MF Global’s $1 Billion|Claim Advances

     MANHATTAN (CN) – PricewaterhouseCoopers must defend itself against a $1 billion lawsuit that claims its “improper accounting advice” caused former New Jersey Gov. Jon Corzine’s MF Global Holdings to go belly up in 2001, a federal judge ruled Wednesday.
     U.S. District Judge Victor Marrero denied the accounting firm’s bid to dismiss a malpractice lawsuit brought against it by MF Global Holdings.
     “It is plausible to conclude that PwC’s accounting advice was a substantial factor in how MF Global’s investments through RTM transactions harmed MF Global,” Marrero wrote. “It is also plausible to conclude that PwC should reasonably have foreseen how any improper accounting advice it provided … could harm MF Global.”
     MF Global’s attorney Daniel Fetterman, with Kasowitz, Benson, Torres & Friedman, hailed the decision.
     “We are pleased with Judge Marrero’s well-reasoned decision and look forward to presenting our case to a jury,” Fetterman said in a statement. “MF Global sought at least $1 billion for malpractice and negligence, and $10.8 million for unjust enrichment.
     MF Global’s attorneys have said it’s the first case seeking to hold PwC liable for its alleged malpractice in its advice.
     MF Global, formerly known as Man Financial, declared bankruptcy in 2011.
     “PwC incorrectly and negligently advised the company to account for these Euro RTM (repurchase to maturity) transactions as if they were ‘sales’ up to 21 months before the company actually received those revenues and using off-balance-sheet accounting for those investments,” the lawsuit claimed.
     MF Global’s then-CEO Corzine’s bets on European sovereign debt came to light after the company collapsed.
     Corzine was not named as a defendant in the lawsuit.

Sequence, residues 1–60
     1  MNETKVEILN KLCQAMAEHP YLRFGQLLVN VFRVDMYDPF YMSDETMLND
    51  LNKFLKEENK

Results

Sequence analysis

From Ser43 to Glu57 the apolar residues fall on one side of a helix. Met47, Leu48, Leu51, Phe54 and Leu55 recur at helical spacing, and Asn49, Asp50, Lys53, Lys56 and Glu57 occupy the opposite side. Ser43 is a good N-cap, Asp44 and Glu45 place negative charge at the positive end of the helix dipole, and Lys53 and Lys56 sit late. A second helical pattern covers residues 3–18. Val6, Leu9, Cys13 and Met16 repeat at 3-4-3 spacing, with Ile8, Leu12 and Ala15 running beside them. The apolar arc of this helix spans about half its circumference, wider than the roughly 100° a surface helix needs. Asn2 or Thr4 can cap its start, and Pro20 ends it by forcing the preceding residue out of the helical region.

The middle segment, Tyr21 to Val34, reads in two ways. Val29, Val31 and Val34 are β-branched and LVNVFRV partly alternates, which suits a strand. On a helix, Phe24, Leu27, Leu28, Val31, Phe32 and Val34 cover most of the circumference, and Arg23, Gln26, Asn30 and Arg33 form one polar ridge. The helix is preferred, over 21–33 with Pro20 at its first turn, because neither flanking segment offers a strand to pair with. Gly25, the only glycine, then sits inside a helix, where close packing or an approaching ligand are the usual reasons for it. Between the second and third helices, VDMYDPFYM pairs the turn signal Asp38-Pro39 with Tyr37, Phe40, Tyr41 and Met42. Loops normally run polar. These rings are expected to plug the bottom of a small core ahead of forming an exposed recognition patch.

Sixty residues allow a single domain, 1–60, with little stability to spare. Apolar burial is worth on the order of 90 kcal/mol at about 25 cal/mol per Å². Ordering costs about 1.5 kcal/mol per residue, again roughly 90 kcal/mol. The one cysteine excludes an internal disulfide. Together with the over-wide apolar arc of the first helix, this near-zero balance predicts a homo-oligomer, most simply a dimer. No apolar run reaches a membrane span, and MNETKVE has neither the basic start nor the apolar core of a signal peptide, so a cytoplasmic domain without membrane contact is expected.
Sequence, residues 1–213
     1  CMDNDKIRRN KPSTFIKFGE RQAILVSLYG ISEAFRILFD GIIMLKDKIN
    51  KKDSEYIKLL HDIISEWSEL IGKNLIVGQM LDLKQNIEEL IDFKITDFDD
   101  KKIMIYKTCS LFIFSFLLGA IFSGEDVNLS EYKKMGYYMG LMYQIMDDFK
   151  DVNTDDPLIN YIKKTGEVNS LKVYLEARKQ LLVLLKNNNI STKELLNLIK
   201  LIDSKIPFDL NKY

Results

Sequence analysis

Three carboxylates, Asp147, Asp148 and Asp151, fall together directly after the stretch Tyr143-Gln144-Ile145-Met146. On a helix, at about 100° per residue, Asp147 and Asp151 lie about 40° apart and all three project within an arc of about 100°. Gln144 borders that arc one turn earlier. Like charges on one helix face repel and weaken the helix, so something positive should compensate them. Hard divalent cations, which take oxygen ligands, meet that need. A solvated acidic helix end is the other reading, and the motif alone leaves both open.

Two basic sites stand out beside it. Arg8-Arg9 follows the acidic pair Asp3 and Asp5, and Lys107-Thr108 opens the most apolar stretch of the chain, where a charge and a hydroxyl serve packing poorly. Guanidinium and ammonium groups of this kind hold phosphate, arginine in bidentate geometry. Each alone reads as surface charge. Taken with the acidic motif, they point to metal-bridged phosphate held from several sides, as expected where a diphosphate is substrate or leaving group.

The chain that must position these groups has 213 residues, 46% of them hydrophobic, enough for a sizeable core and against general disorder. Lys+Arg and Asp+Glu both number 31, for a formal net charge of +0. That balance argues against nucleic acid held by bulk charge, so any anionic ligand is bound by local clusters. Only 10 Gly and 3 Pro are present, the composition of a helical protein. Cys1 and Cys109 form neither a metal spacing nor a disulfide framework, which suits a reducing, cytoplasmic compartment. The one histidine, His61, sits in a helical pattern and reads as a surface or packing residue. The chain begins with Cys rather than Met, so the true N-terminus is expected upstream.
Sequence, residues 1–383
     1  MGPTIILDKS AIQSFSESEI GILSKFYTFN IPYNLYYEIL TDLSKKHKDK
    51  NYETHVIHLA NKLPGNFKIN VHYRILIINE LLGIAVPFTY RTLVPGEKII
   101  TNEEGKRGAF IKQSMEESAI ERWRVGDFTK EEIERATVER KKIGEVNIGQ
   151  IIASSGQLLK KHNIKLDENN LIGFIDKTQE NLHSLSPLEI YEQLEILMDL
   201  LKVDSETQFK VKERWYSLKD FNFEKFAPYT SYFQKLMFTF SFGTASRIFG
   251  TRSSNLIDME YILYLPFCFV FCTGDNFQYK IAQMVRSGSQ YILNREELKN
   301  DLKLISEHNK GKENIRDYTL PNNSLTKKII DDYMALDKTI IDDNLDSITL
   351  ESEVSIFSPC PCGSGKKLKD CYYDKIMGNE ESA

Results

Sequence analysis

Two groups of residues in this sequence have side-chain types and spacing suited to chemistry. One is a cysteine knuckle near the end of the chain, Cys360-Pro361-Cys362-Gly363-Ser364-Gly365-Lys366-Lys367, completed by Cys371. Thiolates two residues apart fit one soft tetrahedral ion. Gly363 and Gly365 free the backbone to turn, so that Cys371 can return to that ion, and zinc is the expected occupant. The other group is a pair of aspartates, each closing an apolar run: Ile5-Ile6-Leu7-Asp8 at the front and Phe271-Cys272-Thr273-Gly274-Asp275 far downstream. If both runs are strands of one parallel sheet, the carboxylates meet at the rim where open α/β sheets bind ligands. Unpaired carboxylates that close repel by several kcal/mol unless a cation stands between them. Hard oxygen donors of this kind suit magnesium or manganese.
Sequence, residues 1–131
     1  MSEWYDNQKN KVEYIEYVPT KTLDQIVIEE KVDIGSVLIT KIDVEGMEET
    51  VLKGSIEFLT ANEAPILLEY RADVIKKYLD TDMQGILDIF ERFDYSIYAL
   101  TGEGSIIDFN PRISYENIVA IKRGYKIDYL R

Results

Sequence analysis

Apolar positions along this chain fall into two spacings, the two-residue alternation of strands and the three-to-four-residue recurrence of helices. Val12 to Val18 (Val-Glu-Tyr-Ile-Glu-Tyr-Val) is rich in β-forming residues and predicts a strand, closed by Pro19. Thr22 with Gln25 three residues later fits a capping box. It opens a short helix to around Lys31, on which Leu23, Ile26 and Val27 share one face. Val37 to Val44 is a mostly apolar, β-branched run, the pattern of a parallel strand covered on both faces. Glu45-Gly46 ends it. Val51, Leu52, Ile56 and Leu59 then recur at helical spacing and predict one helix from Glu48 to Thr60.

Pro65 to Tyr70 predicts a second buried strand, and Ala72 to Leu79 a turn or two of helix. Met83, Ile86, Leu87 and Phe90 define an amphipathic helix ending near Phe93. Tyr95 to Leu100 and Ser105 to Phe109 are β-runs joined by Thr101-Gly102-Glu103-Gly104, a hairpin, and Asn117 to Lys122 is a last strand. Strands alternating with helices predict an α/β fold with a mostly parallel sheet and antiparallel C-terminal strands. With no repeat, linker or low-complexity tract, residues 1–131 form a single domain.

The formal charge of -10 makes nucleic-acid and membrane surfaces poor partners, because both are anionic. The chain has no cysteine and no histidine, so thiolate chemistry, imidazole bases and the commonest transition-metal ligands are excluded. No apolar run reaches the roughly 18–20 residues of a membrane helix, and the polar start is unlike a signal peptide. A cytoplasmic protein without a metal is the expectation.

PwC sought to have the case dismissed, but Marrero rejected its argument that the claims were barred.
     In its March 2014 lawsuit , MF Global claimed PricewaterhouseCoopers’ “extraordinary and egregious professional malpractice” as its longtime editor and accountant cost it billions in investment dollars in European “debt instruments.”
     PwC’s alleged conduct “is not the only plausible proximate cause of the harm alleged in the complaint,” The judge wrote. “But sorting among the potential causes and determining which parties are liable is a task for a jury, not a judge deciding a motion to dismiss.”
     He also rejected PwC’s argument that New York Law sets a three-year statute of limitations on actions in malpractice lawsuits, pointing out that limitations begin on the date malpractice is committed, “not the date on which it is discovered.”
     But, Marrero said, under the “continuous representation doctrine,” the statute of limitations begins to run out “only when the entire course of the representation has ended.”
     The judge did, however, agree with PwC’s argument that a contract claim is duplicative of a malpractice claim, and he dismissed that count against the auditor.
     He also sided with PwC to dismiss unjust enrichment claims, saying that a “plaintiff can plead unjust enrichment as an alternative claim to breach of contract,” but only if there is a legitimate dispute about the existence of a contract.
     “Here, the parties do not dispute that written agreements cover the claims ,” he wrote.

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